Star athlete Caster Semenya could be heading for another storm as she chases a possible double gold at the Rio Olympics in August, and it seems there is little anyone can do to prevent the controversy, least of all the athlete.
This week at the African Athletics Championships in Durban, Semenya has shown she has returned to world-beating form with an easy victory in the 1 500m on Friday, with a personal best of 4.01.99. On Saturday she followed that with a win in the 800m heats and will run that final on Sunday.
But while Cape Town’s Ross Tucker, an internationally respected sports scientist, is confident Semenya will cruise to gold in the women’s 800m in Rio, possibly with a world record time, he also predicts she could face “a few probing questions”.
There are already people hinting Semenya is not competing on a level playing field.
It seems a recent Court of Arbitration for Sport (CAS) ruling could have given her a loophole that is allowing her to once again dominate the middle distance events. It is no secret Semenya has been through this before, in the years building up to London 2012. That was after she burst on to the athletics scene with some phenomenal times as a junior.
That unseemly and well-publicised controversy seemed to have been quelled thanks to a ruling by the IAAF that prevented women from competing if their testosterone levels were above 10nmol/l (nanomoles per litre).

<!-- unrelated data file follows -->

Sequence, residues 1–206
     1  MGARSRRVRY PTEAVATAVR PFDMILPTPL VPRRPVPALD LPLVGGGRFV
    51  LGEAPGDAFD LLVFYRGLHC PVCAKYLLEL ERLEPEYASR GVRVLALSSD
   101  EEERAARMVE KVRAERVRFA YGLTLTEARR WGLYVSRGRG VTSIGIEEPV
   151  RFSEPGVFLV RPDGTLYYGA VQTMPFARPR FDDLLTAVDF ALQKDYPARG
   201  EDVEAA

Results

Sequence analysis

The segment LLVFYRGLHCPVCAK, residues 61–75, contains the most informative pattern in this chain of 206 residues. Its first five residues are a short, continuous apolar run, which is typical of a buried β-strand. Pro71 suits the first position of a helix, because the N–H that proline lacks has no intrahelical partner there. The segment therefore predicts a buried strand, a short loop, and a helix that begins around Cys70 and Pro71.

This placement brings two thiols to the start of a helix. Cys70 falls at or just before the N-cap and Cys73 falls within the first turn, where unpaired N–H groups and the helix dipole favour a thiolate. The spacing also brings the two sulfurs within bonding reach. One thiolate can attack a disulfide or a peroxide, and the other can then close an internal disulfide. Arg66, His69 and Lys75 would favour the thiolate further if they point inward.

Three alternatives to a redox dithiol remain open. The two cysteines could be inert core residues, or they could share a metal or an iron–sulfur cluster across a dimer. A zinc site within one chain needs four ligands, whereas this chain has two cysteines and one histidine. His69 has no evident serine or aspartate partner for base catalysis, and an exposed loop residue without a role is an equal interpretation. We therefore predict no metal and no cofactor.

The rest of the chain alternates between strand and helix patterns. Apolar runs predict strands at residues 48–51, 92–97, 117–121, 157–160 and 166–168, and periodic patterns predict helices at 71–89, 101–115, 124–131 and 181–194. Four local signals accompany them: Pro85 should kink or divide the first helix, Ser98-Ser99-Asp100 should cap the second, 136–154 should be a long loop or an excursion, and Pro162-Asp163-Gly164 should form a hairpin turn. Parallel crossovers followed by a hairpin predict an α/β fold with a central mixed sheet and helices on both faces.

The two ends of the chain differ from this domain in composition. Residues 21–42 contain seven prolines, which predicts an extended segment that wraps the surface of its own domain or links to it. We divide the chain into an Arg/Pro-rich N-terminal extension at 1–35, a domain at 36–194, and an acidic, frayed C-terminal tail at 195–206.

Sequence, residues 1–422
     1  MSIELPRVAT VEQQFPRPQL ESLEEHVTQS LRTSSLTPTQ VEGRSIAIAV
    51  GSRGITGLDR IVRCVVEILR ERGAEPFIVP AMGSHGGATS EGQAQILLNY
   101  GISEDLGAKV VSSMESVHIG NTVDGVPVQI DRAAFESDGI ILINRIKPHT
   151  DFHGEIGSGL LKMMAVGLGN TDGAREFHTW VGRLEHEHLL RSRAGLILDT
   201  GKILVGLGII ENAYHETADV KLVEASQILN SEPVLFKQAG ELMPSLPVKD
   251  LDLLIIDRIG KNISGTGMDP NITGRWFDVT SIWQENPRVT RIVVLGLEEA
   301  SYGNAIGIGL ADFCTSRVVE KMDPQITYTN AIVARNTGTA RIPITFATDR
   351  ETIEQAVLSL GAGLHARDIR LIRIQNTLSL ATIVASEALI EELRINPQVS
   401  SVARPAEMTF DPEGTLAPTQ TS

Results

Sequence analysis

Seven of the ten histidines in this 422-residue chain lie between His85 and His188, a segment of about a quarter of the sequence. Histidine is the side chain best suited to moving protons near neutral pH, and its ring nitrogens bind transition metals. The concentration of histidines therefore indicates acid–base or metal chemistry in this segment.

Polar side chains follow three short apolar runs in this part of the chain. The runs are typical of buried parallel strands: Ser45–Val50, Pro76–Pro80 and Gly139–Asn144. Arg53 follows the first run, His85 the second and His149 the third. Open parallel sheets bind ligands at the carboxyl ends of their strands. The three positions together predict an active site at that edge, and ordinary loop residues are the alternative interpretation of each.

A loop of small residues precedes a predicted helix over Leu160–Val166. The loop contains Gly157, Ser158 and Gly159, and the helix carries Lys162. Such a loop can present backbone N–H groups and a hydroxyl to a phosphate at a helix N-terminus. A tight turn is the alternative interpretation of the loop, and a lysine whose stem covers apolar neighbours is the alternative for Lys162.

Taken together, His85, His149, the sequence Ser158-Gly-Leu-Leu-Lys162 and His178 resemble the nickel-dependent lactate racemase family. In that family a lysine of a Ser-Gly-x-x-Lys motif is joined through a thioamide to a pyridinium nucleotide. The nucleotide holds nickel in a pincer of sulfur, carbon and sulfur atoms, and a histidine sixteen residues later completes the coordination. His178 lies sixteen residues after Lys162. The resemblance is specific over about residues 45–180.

That upper limit “was set up based on a study done on all the women competing in the World Championships in 2011 and 2013”, Tucker wrote on his website The Science of Sport.
Semenya’s performances, under this policy of reducing testosterone, dropped off in a predictable manner. Having run the 800m in 1:55.45 at 18, she never got close again.
She did however win Olympic silver in London, behind Mariya Savinova, who was one of the Russian athletes caught in the doping scandal which has led to that country’s athletics team being excluded from Rio. Semenya also won a World Championship silver in 2011.
“Last year, she failed to advance beyond the semi-finals in Beijing, and hadn’t even made the qualification mark for the preceding year’s Commonwealth Games. Two minutes had become a significant barrier, when the world record had been plausible at 18.
“Now, she is untouchable. People will (and have) said it’s down to her focused training, recovery from injury and so forth, but I’m not buying that,” Tucker said.
Instead, he believed the change was more likely the result of the restoration of Semenya’s natural testosterone levels. And that was thanks to the CAS ruling last year that the IAAF could no longer enforce the upper limit of testosterone.
Tucker labelled the CAS ruling the “stupidest, most bemusing legal/scientific decision ever made”. But he conceded the issue was complex.
Just over a month ago Semenya won the 800m and the 1 500m, as well as the 400m, on the same day at the South African Championships in Stellenbosch. In 2016 she has now run the best 800m time for the year and four of the top 10 times.
These championship runs point to potential gold for Semenya when she gets to Rio, and there is strong talk of a rare 1 500m/800m double.